Saturday, July 23, 2005
In case you were wondering what an almost perfect win from a break looks like, now you can say you've seen one.
I did not pay much attention to this stage. After all, I just finished watching it and it's one am. But there were a few things that caught my attention. Sylvain Chavanel, for one. Like with Paolo Savoldelli, I enjoy watching Sylvain ride. I especially like the way he descends. I am sad, though, that there are so few pictures of him doing the weird mostly off the bike descent thing. If anyone knows where I can get some, hook a girl up, please.
But, moving on. Once again FDJ failed to get a stage win. No matter how hard they try, just like last year, they can't do it. This year I blame the lack of Matt Wilson. Last year I blamed Brad riding too hard in the Giro. And I am sad that Cookie just isn't fast enough, and not doing so well health-wise. I hope that next year they can get it back together again. Or maybe FDJ's time has come and gone, though I certainly hope not.
The stage itself wasn't that interesting to me, I think that's because I had so much going on today that I kept getting caught up in trying to catch up with everything. I did find it interesting how Paul and Phil made sure to mention how Discovery and Lance had no need to catch the break and reel them back in. Not just because I think they're right, but because it showed the lack of Petacchi in the tour. Not just his team around him, because a lot of them are there, but Petacchi himself. Even though he didn't usually make it this far into the tour, his team usually set an example of how to catch a break and sprint to win. So, even at the end of the tour, teams were able to pull it off. This year, though, it's failed at least half of the time, if not more.
So now we're left with an extremely close green jersey race.
Current standings - Points classification"
1 Thor Hushovd (Nor) Credit Agricole 175 pts
2 Stuart O'Grady (Aus) Cofidis, Le Credit Par Telephone 160
3 Robbie McEwen (Aus) Davitamon-Lotto 154
Any of them have a chance. Today just opened the field a bit more with Robbie taking the points ahead of Thor and Stuey. Who do I want to win? Thor, of course. Who do I think will win? Robbie. I can't imagine it any other way. He did it last year -- against Thor as well -- and he's just as fast. As long as he doesn't do anything wrong, he'll ride away with the stage win and the green jersey.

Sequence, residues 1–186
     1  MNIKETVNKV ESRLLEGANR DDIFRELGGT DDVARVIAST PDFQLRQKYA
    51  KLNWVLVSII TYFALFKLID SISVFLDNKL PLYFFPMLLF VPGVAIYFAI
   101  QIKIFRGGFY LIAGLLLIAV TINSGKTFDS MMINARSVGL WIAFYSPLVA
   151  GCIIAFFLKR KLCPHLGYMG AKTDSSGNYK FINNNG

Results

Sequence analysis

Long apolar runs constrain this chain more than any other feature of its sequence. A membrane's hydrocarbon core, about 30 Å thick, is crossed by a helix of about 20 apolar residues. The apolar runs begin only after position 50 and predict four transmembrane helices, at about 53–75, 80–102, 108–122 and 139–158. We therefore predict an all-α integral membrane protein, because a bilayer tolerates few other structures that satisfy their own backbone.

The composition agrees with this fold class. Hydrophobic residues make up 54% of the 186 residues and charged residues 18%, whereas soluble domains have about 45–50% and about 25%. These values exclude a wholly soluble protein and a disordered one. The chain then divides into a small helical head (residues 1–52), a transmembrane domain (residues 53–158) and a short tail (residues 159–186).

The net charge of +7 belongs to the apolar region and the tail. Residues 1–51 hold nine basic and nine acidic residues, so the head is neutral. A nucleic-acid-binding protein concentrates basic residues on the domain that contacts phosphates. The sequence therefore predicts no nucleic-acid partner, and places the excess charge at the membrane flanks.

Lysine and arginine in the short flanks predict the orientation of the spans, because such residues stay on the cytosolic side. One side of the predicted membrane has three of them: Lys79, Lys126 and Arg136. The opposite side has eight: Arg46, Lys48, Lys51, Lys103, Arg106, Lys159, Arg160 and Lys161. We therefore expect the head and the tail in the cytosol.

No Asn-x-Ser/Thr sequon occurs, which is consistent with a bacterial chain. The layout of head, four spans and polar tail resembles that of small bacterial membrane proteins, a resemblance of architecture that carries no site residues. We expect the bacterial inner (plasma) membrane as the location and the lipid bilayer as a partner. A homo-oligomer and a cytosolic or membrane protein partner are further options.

The rest of the jerseys seem to be knit up quite well. No one can challenge Rasmussen any more.
He'll be in the KOM jersey on the podium in Paris. Now he just has to worry about keeping third. Tomorrow will definitely determine that place. I don't think that Basso will be able to gain any more time. And, barring some sort of accident, Lance will be in yellow come Paris. Tomorrow will be all about time, of course. I really, really hope that Rasmussen will be able to keep his third, but I honestly don't know if he can. He's good in the mountains but has said that he's not that great on the time trials. We'll find out tomorrow, I guess.
The younger rider's jersey is another no-challenge contest. Discovery's Popovych has run away with it. He had a few really brilliant days up at the front and has pretty much taken over completely. The top two:
1 Yaroslav Popovych (Ukr) Discovery Channel 81.38.12
2 Andrei Kashechkin (Kaz) Credit Agricole 7.47
At one point Kashechkin trailed by only a handful of seconds, but has since lost a lot of time. And the next closest? He's 41 minutes behind. Discovery will have at least one of the jerseys in Paris. And, well, I guess that's a good a way as any to transition.
While they won't win the team competition, they are 15 minutes behind T-Mobile (oddly enough), they will have put two men on the podium in Paris. Lance will, unless something horrific happens (which is highly unlikely) ride into Paris in the yellow jersey. I have accepted this and moved on, my concern, as stated above, is with third place. And, of course, what will happen next year. I think Basso will probably win, or maybe Ullrich. But not Vino, unless he finds a team who can keep up with him.
But back to today's stage. Giuseppe Guerini was amazing. He surprised the rest of the men in the break and took off. It was perfectly planned and a lot of fun to watch, even though I'd already read who won today's stage. It was also really good for T-Mobile, who hadn't won a stage since '03 and now they've won two. And the team competition, and maybe if they're lucky, Ullrich will race himself onto the podium and they will have proven that they are, as always, a team to reckon with.
I hope that next year will be exciting, now that Lance will be gone. The field will be open to everyone, though I hope that people will avoid 'the next Lance Armstrong' comparisons. But, that's not for another year. So, here's to tomorrow. I hope that it's as exciting as the first tour that I watched (though that was only '03 and I was actually rooting for Lance). While I am not happy he won, I am not sad, either. If anyone proved that one cause build themselves up to win just one stage race, it's Lance. He'll never be Eddy Merckx, but then again, that was never his goal.
I look forward to the last two days, to updating my blog two more times. And, of course, I look forward to the rest of the season. My boys will still be racing and I'll still be following them.
But, now for tomorrow. I do love time trials.
Posted by jag at 12:45 AM